Babando was a journeyman, and in fact he would be traded before the next season began. The first overtime was scoreless, action packed, nerve-racking. Then, 8½ minutes into the second overtime, Babando lined up for a face-off directly behind his center, George Gee. Gee drew the puck straight back, and Babando fired it into the Ranger net. The goal sent Detroit's Olympia Stadium into pandemonium. "In the view of 13,095 fans, "The Detroit News reported, "weary, worn and aching Red Wings kissed and embraced, threw equipment to the ceiling and hoisted coach Tommy Ivan to their shoulders."
In the celebratory aftermath a Stanley Cup tradition was born. When the Red Wings were presented the Cup by NHL president Clarence Campbell, "Terrible" Ted Lindsay, the league's scoring champion and a pugnacious competitor, grabbed the Cup in delirious delight and raised it over his head. Holding it aloft, he spontaneously skated along the boards to the roaring approval of the spectators. It is a gesture now linked irrevocably with winning the Stanley Cup.
Hockey historian and broadcaster Dick Irvin cites as the most famous overtime goal the Cup-winner scored in 1951 by Bill Barilko of the Maple Leafs. All five of the names in that year's finals, between Montreal and Toronto, went to sudden death, with the Leafs winning four of them. What makes Barilko's goal in Game 5 particularly memorable and poignant was that it was the last game the defenseman ever played. That summer, while going to a fishing trip in northern Canada, he died in a plane crash. "There's a famous picture that's hanging in Maple Leaf Gardens of Barilko scoring that goal," says Irvin, whose father, Dick Sr., was behind the Canadien bench in that game. "He's flying through the air almost like Orr."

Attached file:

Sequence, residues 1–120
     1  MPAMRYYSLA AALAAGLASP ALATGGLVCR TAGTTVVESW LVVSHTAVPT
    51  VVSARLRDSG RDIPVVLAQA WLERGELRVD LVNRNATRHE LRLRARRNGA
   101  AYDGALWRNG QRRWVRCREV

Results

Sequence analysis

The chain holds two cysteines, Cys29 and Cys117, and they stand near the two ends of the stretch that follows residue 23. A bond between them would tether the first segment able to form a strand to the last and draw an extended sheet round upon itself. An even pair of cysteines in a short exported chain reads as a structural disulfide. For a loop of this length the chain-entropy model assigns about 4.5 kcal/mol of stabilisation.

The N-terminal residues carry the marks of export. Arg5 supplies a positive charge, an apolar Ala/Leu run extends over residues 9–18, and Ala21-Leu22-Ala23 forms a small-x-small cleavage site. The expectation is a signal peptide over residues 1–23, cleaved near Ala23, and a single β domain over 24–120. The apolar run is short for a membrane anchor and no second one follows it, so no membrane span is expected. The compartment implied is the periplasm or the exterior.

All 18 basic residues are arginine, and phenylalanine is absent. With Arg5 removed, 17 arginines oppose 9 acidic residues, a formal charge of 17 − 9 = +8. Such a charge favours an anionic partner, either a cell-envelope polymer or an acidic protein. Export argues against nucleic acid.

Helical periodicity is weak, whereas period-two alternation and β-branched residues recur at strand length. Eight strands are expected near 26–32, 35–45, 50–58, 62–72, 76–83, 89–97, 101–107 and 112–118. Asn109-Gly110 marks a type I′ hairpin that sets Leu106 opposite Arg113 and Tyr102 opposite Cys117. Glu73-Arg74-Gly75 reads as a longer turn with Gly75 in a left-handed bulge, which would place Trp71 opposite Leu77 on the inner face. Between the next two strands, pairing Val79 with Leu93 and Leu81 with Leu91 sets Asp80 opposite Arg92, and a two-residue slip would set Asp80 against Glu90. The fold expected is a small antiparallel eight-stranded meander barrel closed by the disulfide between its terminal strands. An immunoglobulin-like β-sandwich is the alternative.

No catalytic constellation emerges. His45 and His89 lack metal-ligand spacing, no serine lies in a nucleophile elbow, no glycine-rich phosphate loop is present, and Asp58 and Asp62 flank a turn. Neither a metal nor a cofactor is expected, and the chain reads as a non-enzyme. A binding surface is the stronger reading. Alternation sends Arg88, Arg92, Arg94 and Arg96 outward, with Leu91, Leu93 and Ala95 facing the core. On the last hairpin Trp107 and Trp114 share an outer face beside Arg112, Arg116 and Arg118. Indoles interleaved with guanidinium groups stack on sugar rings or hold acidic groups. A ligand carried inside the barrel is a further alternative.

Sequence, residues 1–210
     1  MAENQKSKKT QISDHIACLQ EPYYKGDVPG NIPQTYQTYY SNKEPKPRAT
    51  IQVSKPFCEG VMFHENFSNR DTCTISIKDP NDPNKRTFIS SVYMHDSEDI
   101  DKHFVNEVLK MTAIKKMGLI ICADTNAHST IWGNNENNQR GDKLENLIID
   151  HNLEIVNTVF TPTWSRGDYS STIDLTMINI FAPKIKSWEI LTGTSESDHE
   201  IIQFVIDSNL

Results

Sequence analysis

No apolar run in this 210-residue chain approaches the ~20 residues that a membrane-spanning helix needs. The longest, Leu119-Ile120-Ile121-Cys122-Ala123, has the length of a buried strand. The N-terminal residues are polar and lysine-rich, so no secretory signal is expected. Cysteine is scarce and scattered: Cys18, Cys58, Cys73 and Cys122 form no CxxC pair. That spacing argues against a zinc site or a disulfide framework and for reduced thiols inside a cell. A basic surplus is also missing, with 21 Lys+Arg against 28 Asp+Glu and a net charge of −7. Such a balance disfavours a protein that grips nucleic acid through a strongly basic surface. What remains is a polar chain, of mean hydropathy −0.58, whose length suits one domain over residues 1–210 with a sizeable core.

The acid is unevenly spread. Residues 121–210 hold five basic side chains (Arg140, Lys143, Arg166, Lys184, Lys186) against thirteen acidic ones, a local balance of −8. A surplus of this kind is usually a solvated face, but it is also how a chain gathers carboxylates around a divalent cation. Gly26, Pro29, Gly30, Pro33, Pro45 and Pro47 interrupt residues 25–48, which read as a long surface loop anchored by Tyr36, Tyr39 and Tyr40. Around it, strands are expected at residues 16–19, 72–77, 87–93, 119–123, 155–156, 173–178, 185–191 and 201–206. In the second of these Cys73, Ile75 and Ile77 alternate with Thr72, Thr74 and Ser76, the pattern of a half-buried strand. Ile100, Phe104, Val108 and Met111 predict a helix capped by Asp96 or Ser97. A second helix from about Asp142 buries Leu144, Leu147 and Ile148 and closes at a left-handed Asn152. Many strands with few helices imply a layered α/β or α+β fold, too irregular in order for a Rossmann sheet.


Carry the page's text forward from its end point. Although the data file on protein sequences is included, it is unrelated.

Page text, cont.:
Ah, yes. Any discussion of sudden death has to include Bobby Orr's Cup-winning goal against St. Louis in 1970, scored on Hall. That's the one that Bruin vice president Tom Johnson cites as the most memorable overtime goal in his experience. (Johnson, a former Canadien defenseman, was on the ice when Barilko scored his famous goal, and he was a teammate of Maurice Richard's when the Rocket scored five of his six sudden-death goals.) "It had a flair to it," Johnson remembers. "The picture of it, of course, is something I've seen a thousand times. And the only ones you remember are the ones you won."
The fact that Orr's goal won the Cup—and was the only sudden-death goal the great player ever scored—lends weight to those who argue it was the most famous OT goal ever. Never mind that it was also one of the least meaningful, completing the mighty Bruins' four-game sweep of the Blues, who, in their third season, were Mill thought of as an expansion team. II the Blues had somehow won that game, the Bruins would surely have taken the next one. Or the next one. But the joy in Orr's celebratory leap, body parallel to the ice, arms extended, legs splayed, stick upraised, captures the essence of all sudden-death scorers who have buried that delicious dagger.
"Bobby asked me one time what I remembered about that goal," says Hall. "I told him, 'Bobby, I had showered before you landed. You went up and up and just floated away.' "
Such a leap could have happened only in sudden death, the magical time that gives the sport wings.